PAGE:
Notable indicators/proxies of dollar volatility loomed large also on the back of the Overnight Reverse Repo Facility (ON RRP) – in addition to the Interest on Excess Reserves (IOER) – where the Federal Reserve effectively withdrew excess liquidity from the wider financial system (i.e., not just the banks but also money market funds, backstop agencies, etc.) by setting the floor rate for the FFR as part of the monetary policy toolbox/toolkit to control short-term interest rates. The combined effects of QT meant that demand “outpaced” supply for the USD in the domestic (US) financial markets and, by extension, the foreign exchange (forex) markets.

Hence, (short of imposing full capital controls and perhaps going beyond the period imposed during the AFC of 1998 that’s limited to one year only), the RM’s depreciation is due to external factors that’re beyond the government’s control, as the Prime Minister has rightly said. Moreover, as reminded by the Governor of Bank Negara Malaysia (BNM) Datuk Abdul Rasheed Ghaffour, and echoed by the CEO of EPF Ahmad Zulqarnain Onn, the RM remains undervalued.

Well-known veteran economic analyst Pankaj C Kumar in “Don’t fight the Fed” (The Star, February 24, 2024) has highlighted that there’s a very strong correlation between the spread (i.e. the yield differentials) between the long-term sovereign papers of the US and Malaysia with their exchange rate (the chart presented in the article showed at least a correlation coefficient of 83%).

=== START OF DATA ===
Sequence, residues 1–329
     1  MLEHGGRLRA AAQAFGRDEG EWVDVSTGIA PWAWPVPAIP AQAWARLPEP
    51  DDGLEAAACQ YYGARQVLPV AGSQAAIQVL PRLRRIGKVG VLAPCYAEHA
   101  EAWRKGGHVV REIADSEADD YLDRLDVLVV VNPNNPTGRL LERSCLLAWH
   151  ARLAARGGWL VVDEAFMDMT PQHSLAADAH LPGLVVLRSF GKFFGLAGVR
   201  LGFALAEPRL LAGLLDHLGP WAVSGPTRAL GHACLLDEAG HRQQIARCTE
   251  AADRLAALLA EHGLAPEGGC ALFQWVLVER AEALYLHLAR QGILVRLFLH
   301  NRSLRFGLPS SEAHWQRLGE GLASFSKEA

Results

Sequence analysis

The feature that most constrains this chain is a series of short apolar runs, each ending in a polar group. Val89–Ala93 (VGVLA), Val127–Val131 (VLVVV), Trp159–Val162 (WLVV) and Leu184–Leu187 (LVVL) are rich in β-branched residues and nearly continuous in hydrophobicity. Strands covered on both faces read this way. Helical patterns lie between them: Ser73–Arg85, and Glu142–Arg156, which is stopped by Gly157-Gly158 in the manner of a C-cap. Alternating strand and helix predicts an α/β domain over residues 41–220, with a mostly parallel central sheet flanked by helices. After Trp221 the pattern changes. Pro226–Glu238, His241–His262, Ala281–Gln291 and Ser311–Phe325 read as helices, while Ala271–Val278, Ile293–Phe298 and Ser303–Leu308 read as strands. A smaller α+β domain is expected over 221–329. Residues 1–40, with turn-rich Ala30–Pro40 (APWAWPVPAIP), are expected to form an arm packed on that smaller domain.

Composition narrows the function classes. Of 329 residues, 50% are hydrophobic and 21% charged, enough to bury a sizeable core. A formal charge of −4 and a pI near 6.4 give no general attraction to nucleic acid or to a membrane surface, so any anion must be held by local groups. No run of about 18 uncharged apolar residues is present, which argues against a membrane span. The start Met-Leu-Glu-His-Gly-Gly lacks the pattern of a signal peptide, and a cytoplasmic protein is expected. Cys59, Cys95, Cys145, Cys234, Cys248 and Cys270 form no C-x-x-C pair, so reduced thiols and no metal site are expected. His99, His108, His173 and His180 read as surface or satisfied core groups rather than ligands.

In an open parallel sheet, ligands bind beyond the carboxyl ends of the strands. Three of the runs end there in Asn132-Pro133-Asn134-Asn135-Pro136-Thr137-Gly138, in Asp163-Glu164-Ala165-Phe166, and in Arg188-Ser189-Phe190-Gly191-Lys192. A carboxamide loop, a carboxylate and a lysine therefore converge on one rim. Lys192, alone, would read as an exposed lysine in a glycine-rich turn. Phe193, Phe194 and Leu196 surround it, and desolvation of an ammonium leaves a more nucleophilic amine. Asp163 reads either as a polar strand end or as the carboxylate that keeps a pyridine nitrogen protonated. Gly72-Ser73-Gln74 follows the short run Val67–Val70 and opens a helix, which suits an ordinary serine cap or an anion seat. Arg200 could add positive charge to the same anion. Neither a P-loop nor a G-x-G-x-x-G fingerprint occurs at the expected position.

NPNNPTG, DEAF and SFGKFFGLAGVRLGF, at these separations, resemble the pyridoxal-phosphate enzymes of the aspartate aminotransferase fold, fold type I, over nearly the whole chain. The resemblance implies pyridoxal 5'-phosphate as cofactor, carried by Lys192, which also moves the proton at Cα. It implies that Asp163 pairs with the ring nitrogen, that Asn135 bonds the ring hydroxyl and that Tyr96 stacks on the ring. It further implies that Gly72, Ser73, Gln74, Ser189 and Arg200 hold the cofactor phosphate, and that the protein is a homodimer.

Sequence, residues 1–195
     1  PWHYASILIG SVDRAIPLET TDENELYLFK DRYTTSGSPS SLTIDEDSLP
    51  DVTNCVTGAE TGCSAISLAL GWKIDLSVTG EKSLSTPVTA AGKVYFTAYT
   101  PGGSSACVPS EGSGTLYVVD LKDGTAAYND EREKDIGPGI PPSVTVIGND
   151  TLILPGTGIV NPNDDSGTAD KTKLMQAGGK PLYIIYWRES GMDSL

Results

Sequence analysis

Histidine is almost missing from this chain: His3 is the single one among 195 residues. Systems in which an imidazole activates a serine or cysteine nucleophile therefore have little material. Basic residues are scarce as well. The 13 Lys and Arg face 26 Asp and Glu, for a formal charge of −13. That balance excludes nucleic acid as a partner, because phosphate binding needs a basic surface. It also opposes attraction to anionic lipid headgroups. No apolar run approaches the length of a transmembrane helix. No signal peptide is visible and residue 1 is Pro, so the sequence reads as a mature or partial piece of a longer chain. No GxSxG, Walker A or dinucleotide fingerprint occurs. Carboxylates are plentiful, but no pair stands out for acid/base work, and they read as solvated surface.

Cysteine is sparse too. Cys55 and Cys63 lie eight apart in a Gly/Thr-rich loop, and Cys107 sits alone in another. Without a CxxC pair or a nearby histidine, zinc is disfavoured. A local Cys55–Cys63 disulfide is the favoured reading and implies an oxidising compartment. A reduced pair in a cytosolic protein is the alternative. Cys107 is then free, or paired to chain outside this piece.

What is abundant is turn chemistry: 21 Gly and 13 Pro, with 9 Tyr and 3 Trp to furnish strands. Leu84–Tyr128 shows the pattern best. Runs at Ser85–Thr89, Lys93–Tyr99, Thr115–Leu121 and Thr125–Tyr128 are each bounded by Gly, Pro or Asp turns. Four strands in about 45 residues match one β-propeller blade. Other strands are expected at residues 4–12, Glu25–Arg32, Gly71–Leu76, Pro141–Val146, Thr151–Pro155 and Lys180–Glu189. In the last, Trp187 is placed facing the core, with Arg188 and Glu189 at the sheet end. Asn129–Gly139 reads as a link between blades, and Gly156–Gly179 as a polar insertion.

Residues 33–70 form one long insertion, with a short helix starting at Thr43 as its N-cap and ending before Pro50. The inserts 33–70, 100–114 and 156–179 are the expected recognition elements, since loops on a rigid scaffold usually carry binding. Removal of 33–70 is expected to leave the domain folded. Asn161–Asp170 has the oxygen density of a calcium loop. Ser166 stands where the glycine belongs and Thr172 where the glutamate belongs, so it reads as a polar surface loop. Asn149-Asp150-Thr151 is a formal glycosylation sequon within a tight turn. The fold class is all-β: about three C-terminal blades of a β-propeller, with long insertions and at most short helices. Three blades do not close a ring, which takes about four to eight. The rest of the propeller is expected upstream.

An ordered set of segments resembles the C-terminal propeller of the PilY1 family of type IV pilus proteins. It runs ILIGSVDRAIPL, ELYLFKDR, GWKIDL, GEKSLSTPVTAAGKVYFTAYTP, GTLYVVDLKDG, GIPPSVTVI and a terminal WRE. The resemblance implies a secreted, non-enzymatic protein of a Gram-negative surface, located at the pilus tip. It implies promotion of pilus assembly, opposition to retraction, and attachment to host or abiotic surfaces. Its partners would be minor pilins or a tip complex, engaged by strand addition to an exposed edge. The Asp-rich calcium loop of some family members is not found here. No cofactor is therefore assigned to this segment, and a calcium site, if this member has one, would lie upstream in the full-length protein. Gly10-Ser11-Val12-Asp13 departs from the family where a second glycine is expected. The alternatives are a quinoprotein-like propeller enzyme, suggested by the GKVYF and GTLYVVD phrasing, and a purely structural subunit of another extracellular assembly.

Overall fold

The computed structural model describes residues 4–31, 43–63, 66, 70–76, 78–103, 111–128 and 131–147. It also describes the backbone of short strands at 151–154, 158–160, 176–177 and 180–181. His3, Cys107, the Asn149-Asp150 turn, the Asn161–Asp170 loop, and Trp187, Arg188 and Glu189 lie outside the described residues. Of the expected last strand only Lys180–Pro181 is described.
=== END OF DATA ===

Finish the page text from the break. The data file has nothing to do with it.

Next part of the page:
In essence, the current situation can be traced back to the Federal Reserve’s overall monetary tightening stance in March 2022.

At the same time, former member of the Monetary Policy Committee (MPC) of BNM and senior economist Lee Heng Guie has pointed out that the presence of other factors which exert downward pressure (e.g., balance of payment/BOP in our food imports) and affect market psychology (government debt and deficit) don’t alter but simply reinforces the exchange rate pressures (“The ringgit: What we need to understand”, The Star, July 18, 2023). Lee also stressed that, “[a] flexible exchange rate is prone to misalignment with its underlying fundamentals”.

When looking at the currency misalignment within the euro area as outside scenario, a prime example emerges between Germany (undervalued – as exporter) and Greece (overvalued – as importer) whereby the discrepancy is measured by TARGET2 – the real-time gross settlement system/RTGS of the Eurosystem comprising the European Central Bank/ECB and the national central banks/NCBs and, by extension, the euro interbank market of which the commercial banks are also deemed as direct participants.

In addition to the policy measures recommended by EMIR Research in “A simulated or guided peg – neither soft nor hard” (which include offering our bond market at a special exchange rate, arbitraging on our currency swap lines, etc.), and “Sustainable structural reforms the way forward” (August 8, 2022 – progressively lowering the Overnight Policy Rate/OPR that’d allow for the international traders to short-sell our bonds), among others, we call on the government to ensure that fiscal policy continues to be at the forefront in addressing the RM’s weakness.